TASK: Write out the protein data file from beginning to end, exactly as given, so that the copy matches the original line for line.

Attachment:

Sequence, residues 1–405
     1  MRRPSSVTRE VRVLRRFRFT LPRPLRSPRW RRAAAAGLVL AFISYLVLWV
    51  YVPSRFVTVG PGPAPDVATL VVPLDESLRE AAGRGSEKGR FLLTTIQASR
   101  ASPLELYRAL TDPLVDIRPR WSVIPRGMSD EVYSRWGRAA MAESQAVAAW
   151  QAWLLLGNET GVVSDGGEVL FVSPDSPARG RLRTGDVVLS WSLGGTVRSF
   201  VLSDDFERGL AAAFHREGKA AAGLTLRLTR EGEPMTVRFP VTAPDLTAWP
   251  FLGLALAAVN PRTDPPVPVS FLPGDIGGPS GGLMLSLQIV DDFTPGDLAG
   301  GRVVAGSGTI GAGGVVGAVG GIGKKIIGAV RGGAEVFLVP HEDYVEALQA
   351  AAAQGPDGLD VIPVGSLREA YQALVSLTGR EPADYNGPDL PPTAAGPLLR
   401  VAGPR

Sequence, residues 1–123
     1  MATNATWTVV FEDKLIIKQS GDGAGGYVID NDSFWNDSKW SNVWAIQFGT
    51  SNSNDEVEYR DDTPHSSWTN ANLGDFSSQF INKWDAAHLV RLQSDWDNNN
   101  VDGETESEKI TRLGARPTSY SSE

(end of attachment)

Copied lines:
Sequence, residues 1–405
     1  MRRPSSVTRE VRVLRRFRFT LPRPLRSPRW RRAAAAGLVL AFISYLVLWV
    51  YVPSRFVTVG PGPAPDVATL VVPLDESLRE AAGRGSEKGR FLLTTIQASR
   101  ASPLELYRAL TDPLVDIRPR WSVIPRGMSD EVYSRWGRAA MAESQAVAAW
   151  QAWLLLGNET GVVSDGGEVL FVSPDSPARG RLRTGDVVLS WSLGGTVRSF
   201  VLSDDFERGL AAAFHREGKA AAGLTLRLTR EGEPMTVRFP VTAPDLTAWP
   251  FLGLALAAVN PRTDPPVPVS FLPGDIGGPS GGLMLSLQIV DDFTPGDLAG
   301  GRVVAGSGTI GAGGVVGAVG GIGKKIIGAV RGGAEVFLVP HEDYVEALQA
   351  AAAQGPDGLD VIPVGSLREA YQALVSLTGR EPADYNGPDL PPTAAGPLLR
   401  VAGPR

Sequence, residues 1–123
     1  MATNATWTVV FEDKLIIKQS GDGAGGYVID NDSFWNDSKW SNVWAIQFGT
    51  SNSNDEVEYR DDTPHSSWTN ANLGDFSSQF INKWDAAHLV RLQSDWDNNN
   101  VDGETESEKI TRLGARPTSY SSE